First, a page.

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Context

Prof. Aaronson mentions that the quantum extended Church-Turing (quantum ECT) thesis has no known counterexamples cf. around 14:18 but doesn't mention its precise statement.

Questions

  1. What precisely is the statement of the quantum extended Church-Turing thesis? Original references appreciated.

  2. Is there any quantum Church-Turing thesis (i.e. a non-extended version that doesn't concern itself with the efficiency of computation)? If yes, what's its precise statement?

  3. Is there any fundamental difference between the quantum extended Church-Turing thesis and Deutsch's 1985 version? Does the former include or imply any assertion about "finitely realizable physical systems" like the latter does?

†: "Every finitely realizable physical system can be perfectly simulated by a universal model computing machine operating by finite means."

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    $\begingroup$ Regarding 2 - how would you expect a "quantum Church-Turing thesis" to be different than the classical Church-Turing thesis? Neither quantum nor classical Turing machines can solve the halting problem. It's a good question - I'm wondering if there's an advantage to QC outside of efficiency. $\endgroup$ – Mark S May 7 at 16:27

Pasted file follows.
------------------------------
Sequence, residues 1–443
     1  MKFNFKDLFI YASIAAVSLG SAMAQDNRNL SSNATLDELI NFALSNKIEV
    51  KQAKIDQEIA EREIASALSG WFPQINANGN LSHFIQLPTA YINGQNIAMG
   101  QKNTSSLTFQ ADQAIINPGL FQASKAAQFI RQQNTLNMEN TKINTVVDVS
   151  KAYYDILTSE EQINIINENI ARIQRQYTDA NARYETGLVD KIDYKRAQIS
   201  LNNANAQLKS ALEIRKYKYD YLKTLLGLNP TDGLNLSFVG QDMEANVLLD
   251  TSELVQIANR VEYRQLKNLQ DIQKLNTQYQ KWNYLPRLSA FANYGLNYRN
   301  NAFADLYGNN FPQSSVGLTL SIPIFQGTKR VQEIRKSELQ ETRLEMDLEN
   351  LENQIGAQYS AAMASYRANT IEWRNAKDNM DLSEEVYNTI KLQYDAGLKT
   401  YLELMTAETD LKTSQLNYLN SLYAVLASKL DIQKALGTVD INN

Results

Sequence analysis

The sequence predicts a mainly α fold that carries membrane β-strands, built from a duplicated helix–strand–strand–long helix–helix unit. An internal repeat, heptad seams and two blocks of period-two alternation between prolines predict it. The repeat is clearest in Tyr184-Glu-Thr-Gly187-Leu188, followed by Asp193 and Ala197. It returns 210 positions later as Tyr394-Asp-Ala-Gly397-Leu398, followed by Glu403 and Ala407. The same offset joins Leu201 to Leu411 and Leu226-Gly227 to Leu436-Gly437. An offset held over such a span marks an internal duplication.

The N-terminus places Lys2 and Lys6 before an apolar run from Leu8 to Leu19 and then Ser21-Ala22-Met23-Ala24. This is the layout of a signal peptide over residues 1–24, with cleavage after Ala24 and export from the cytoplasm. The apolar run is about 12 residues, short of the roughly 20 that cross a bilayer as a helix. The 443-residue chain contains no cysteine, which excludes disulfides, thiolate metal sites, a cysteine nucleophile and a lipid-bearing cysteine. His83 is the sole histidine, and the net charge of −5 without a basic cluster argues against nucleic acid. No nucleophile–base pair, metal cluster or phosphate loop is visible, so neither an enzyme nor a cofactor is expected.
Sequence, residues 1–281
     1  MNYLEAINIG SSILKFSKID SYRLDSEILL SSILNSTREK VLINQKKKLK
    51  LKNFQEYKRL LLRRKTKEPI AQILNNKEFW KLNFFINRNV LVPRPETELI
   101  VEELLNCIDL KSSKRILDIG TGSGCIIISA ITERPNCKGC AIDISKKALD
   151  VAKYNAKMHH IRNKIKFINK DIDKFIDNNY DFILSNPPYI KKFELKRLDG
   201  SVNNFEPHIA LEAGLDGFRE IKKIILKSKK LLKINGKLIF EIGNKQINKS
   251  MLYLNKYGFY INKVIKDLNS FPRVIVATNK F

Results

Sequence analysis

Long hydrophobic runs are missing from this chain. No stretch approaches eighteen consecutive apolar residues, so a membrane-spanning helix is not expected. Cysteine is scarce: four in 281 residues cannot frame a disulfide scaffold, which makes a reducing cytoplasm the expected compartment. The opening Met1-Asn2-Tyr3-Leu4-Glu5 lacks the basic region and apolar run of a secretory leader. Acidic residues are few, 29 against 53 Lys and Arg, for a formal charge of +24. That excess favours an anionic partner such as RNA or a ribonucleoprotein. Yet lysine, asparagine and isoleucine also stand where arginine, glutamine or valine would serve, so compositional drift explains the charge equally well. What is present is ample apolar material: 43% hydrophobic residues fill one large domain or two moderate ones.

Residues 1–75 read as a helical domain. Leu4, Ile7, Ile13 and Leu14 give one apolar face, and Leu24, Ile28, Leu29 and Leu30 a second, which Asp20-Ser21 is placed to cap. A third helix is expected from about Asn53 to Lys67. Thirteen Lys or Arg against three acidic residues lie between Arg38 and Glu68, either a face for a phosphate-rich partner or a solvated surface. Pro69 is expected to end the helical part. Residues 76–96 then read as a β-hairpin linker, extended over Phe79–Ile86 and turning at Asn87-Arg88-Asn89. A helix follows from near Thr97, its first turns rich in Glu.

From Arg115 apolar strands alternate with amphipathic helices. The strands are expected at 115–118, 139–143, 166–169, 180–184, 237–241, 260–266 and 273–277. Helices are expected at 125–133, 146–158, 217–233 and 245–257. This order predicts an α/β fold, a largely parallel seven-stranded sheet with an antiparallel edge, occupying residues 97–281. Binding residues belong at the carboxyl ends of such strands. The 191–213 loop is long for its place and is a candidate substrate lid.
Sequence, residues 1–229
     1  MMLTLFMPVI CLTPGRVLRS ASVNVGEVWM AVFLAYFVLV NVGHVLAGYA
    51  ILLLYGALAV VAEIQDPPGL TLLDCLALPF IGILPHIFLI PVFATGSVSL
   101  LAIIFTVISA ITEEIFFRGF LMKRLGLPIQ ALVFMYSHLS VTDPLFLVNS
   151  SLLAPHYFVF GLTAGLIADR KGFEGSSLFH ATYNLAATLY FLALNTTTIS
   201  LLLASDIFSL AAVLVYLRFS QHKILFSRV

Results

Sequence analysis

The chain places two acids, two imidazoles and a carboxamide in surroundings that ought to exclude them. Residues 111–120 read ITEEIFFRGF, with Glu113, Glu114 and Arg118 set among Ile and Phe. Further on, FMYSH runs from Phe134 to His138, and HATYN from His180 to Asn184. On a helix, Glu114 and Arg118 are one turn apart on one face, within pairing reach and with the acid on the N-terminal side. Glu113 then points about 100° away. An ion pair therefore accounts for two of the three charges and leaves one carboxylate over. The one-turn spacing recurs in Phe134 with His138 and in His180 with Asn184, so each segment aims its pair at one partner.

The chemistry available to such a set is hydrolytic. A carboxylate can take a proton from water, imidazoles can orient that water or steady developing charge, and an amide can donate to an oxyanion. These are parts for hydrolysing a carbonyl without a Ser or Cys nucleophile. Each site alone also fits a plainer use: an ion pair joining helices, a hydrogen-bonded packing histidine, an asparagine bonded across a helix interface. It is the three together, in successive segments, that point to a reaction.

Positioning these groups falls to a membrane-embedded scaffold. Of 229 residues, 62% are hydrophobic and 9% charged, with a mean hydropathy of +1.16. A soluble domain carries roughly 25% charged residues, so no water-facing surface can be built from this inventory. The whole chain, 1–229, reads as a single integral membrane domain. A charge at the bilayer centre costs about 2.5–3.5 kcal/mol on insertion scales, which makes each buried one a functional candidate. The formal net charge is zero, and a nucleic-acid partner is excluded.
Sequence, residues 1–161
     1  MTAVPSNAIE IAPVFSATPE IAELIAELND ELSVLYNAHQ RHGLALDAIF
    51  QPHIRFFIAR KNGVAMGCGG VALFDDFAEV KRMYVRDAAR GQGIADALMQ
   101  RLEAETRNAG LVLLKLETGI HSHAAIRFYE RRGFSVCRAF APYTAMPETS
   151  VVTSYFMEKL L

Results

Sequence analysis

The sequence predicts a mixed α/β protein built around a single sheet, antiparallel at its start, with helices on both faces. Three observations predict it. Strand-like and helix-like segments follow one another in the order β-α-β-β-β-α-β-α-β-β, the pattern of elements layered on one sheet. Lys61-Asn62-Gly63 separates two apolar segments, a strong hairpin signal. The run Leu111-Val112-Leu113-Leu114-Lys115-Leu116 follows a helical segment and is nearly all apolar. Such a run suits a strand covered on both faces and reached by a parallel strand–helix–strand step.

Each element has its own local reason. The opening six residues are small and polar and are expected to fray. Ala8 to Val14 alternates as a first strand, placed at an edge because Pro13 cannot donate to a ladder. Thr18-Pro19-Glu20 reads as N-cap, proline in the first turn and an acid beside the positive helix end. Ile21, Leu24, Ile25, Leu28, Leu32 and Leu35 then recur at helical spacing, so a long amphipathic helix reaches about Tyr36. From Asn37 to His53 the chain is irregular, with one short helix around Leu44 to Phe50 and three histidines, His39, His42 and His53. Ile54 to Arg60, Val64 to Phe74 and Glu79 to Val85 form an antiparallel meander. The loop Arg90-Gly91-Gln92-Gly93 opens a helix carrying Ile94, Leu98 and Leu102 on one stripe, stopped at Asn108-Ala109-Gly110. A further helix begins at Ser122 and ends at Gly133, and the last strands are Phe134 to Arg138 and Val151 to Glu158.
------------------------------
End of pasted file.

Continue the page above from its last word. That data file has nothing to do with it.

• $\begingroup$ @MarkS 1. I'd expect the "quantum Church-Turing thesis" to be along the lines of "A quantum Turing machine can simulate any realistic model of computation" (similar to Wikipedia's definition of quantum complexity-theoretic Church–Turing thesis). 2. The classical version of CT thesis doesn't talk about efficiency while the extended CT thesis does, but is widely believed to be false (with the advent of quantum computing and quantum fault-tolerance). 3. I'm not sure why you mention the halting problem; CT specifically talks about computable functions. $\endgroup$ – Sanchayan Dutta May 7 at 16:48
  • $\begingroup$ @MarkS If you're interested, Gil Kalai has written an answer on exactly this topic on CS Theory. To clarify, I don't think the classical statement of Church-Turing thesis is false (albeit it's only as good as its assumptions), but that its physical versions are (at least the ones before Deutsch's version). $\endgroup$ – Sanchayan Dutta May 7 at 17:01
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    $\begingroup$ Classical Church-Turing thesis holds in quantum world since we can simulate (ineffectively) quantum computation on a classical device. This means quantum computers can calculate only ordinary computable functions. And they can't solve the halting problem. $\endgroup$ – Danylo Y May 7 at 17:14
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    $\begingroup$ @MarkS I think I get what you were trying to say now. A "quantum CT thesis" would not be much different from the "classical CT thesis" (at least the way I'm thinking about it), because without any efficiency considerations they're supposedly equivalent. $\endgroup$ – Sanchayan Dutta May 7 at 17:32

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